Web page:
The gap can only be bridged by more and better finance.
Ultimately, Blanchett says, we must remember we are all citizens, and stand up for what we believe in.
Cate Blanchett is close to tears, as she talks about one refugee family she met in Jordan. They had fled conflict with five of their children, being shot at by all sides.
Eventually, the father had to choose between carrying his suitcases and carrying his children (he chose the children). No-one should be put in that position, she says.
Q: Aren’t politicians taking a hard line on refugees because they are reacting to the concerns of their populations?
Cate Blanchett argues that they’re actually reacting to populist media and the news cycle.
We are at a fork in the road, she says.
We try to teach our children to be compassionate, to be tolerant, to accept diversity, to share. But all the structures that are around them are not doing the same, so it’s quite a schizophrenic world they’re living in.
And taking a swing at populist politicians, she says she don’t understand how turning people in a boat back became an election winner.
Australian actor Cate Blanchett is talking about the refugee crisis now (yesterday she was handed a WEF award for her work on this issue).
She explains how she went backpacking through Europe in her youth, which opened her eyes to economic inequality.
I was staying in youth hostels that were more like Turkish prisons, She explains, seeing people who didn’t have anywhere else to go
Q: There’s been a lot of criticism of Australia’s policy to refugees….
Blanchett says she was ‘bewildered’ to see the generous, openhearted, multi-cultural Australia she grew up in “flouting the UN humans rights convention”
I was very distressed that Australia was reverting back to practices that made us a fortress again.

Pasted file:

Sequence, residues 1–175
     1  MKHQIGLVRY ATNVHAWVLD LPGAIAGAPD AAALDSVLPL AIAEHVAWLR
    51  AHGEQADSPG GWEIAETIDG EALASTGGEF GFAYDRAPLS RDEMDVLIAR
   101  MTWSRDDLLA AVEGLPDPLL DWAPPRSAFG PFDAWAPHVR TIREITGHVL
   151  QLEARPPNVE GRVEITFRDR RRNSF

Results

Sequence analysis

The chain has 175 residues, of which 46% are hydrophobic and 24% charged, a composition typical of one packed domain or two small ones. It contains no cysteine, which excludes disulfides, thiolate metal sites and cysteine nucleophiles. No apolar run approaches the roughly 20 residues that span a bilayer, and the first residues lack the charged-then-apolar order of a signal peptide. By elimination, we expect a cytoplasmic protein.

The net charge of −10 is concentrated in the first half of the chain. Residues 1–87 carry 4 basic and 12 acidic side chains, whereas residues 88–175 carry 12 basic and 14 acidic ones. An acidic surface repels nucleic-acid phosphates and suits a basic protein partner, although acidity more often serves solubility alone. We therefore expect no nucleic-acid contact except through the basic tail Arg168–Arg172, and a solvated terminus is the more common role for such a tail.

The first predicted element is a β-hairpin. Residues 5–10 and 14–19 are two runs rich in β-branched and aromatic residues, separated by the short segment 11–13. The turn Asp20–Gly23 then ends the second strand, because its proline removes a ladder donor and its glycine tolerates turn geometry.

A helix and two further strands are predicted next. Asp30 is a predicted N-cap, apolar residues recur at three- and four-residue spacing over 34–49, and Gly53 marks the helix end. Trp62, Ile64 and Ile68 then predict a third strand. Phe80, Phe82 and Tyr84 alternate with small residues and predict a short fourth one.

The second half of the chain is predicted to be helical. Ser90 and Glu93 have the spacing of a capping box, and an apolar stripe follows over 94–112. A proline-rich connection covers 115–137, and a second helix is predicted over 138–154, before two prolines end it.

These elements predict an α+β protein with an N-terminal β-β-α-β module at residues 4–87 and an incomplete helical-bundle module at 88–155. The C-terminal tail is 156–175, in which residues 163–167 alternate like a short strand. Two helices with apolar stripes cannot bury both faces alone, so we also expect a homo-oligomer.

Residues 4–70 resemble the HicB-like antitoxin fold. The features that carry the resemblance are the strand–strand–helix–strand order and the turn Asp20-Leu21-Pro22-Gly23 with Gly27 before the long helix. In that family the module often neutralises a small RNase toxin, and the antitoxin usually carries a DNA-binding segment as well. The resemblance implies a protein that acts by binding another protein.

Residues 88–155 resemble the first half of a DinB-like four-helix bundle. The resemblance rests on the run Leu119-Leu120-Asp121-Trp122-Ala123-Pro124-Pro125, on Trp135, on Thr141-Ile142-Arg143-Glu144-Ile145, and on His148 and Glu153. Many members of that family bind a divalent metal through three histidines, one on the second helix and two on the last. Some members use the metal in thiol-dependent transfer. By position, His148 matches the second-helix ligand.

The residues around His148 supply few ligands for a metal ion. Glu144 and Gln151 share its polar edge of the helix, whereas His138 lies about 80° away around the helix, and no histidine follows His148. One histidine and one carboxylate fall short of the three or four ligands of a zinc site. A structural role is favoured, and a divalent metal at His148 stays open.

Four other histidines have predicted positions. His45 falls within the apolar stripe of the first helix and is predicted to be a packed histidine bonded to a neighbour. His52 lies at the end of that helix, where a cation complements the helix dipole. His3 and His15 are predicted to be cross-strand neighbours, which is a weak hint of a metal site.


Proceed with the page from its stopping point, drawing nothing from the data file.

This drove Blanchett to become a goodwill ambassador to UNHCR
I think it’s shameful. There’s so much misinformation about refugees.
They are forced to flee, and then they are vilified in the media.
Blanchett says the misinformation about refugees is “very distressing”, and doesn’t connect with the actual people she has met.
There are 65 million displaced people in the world, 22 million are refugees, half are women and children. But just 1% have been resettled in advanced developed economies.
It’s the developing world that is shouldering the deep burden of refugees.
She cites the Lebanon, where a quarter of the population are now refugees.
Blanchett also criticises the way refugees are reported in the media:
People are told this narrative that these people, who have so much to offer, are going to be a burden on us or become a terrorist threat.
Q: But have some people in developing economies been encouraged to travel to countries such as Germany, because they hoped to be given asylum?
Should we not talk about it, Blanchett replies rhetorically. The problem is not going to go away.
These are not terrorists. These are innocent people, who want to return home.
She’s also calling for more burden-sharing between countries, to help address the refugee crisis.
The problem with all this optimism at Davos is that business leaders, economists and politicians have a nasty habit of missing impending disaster.
WEF veterans point out that the mood is often particularly upbeat shortly before a crisis.
Barclays CEO Jes Staley summed it up this morning, on the financial crisis session when he said Davos feels “a little bit like 2006 when we were all talking whether we’ve solved the riddle of economic crises.”
The Carlyle Group David Rubenstein agreed, saying:
Generally, when people are happy and confident, something wrong happens.